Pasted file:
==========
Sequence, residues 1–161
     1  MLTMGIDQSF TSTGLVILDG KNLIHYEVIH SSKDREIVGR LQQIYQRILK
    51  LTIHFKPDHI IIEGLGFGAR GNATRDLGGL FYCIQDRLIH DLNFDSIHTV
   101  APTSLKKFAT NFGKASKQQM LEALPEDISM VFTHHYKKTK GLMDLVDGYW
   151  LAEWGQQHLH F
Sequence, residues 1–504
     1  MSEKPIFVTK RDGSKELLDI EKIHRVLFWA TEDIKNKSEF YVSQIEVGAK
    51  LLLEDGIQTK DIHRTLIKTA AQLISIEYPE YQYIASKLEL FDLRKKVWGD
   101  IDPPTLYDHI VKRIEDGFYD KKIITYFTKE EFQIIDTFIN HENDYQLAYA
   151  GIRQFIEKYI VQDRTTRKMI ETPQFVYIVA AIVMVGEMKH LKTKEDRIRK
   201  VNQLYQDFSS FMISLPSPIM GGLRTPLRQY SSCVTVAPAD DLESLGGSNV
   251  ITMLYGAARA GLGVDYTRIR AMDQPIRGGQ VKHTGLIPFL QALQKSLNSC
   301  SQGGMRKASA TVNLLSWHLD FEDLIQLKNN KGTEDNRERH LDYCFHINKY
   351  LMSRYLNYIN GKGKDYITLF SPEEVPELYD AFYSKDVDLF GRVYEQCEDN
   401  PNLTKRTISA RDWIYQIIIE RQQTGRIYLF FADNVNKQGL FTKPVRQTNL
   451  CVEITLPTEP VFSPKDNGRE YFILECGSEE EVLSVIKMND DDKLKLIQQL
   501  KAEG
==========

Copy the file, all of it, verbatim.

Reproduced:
Sequence, residues 1–161
     1  MLTMGIDQSF TSTGLVILDG KNLIHYEVIH SSKDREIVGR LQQIYQRILK
    51  LTIHFKPDHI IIEGLGFGAR GNATRDLGGL FYCIQDRLIH DLNFDSIHTV
   101  APTSLKKFAT NFGKASKQQM LEALPEDISM VFTHHYKKTK GLMDLVDGYW
   151  LAEWGQQHLH F
Sequence, residues 1–504
     1  MSEKPIFVTK RDGSKELLDI EKIHRVLFWA TEDIKNKSEF YVSQIEVGAK
    51  LLLEDGIQTK DIHRTLIKTA AQLISIEYPE YQYIASKLEL FDLRKKVWGD
   101  IDPPTLYDHI VKRIEDGFYD KKIITYFTKE EFQIIDTFIN HENDYQLAYA
   151  GIRQFIEKYI VQDRTTRKMI ETPQFVYIVA AIVMVGEMKH LKTKEDRIRK
   201  VNQLYQDFSS FMISLPSPIM GGLRTPLRQY SSCVTVAPAD DLESLGGSNV
   251  ITMLYGAARA GLGVDYTRIR AMDQPIRGGQ VKHTGLIPFL QALQKSLNSC
   301  SQGGMRKASA TVNLLSWHLD FEDLIQLKNN KGTEDNRERH LDYCFHINKY
   351  LMSRYLNYIN GKGKDYITLF SPEEVPELYD AFYSKDVDLF GRVYEQCEDN
   401  PNLTKRTISA RDWIYQIIIE RQQTGRIYLF FADNVNKQGL FTKPVRQTNL
   451  CVEITLPTEP VFSPKDNGRE YFILECGSEE EVLSVIKMND DDKLKLIQQL
   501  KAEG